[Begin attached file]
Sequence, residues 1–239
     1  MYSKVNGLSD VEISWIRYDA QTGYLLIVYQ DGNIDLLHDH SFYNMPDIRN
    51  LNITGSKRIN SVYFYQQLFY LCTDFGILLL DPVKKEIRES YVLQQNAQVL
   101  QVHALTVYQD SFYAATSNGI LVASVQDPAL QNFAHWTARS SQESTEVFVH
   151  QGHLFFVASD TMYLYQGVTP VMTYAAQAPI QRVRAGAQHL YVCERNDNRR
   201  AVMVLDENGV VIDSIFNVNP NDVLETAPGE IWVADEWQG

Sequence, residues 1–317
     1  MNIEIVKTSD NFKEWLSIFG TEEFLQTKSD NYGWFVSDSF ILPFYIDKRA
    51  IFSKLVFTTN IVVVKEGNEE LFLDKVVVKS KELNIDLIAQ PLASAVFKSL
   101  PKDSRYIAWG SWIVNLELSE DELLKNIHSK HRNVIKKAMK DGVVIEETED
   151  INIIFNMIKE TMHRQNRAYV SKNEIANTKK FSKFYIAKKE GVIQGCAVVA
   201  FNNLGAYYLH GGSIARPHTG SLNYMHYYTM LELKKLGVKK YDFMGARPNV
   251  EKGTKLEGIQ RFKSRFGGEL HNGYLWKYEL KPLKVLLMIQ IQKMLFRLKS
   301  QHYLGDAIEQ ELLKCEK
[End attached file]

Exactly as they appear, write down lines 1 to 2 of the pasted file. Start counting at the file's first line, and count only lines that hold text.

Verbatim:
Sequence, residues 1–239
     1  MYSKVNGLSD VEISWIRYDA QTGYLLIVYQ DGNIDLLHDH SFYNMPDIRN